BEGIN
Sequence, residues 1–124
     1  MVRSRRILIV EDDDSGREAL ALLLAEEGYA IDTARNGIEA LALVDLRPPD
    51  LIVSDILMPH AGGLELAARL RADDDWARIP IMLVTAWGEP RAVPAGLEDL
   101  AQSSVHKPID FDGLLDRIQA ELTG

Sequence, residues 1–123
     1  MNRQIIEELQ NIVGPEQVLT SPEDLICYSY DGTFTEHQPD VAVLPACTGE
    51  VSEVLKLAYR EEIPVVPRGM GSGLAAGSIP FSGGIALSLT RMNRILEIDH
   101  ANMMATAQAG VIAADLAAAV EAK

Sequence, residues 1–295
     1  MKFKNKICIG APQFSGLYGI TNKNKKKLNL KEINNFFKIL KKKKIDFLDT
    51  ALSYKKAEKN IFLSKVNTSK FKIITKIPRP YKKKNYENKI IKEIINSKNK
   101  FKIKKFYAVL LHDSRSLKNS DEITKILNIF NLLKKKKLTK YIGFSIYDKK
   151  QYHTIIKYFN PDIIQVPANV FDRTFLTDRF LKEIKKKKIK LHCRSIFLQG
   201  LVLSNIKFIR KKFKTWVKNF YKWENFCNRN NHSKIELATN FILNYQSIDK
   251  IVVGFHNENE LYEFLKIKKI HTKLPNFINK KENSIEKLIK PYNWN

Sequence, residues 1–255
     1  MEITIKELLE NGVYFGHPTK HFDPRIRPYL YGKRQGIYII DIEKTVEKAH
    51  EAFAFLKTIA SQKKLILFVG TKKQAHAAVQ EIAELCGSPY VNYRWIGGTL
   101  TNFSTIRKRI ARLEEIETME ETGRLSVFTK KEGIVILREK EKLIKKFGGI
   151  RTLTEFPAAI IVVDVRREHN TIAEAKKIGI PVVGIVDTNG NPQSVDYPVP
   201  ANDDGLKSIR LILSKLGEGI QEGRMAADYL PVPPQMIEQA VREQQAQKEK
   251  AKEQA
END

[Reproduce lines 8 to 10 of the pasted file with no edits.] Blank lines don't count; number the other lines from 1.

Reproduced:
   101  ANMMATAQAG VIAADLAAAV EAK

Sequence, residues 1–295
     1  MKFKNKICIG APQFSGLYGI TNKNKKKLNL KEINNFFKIL KKKKIDFLDT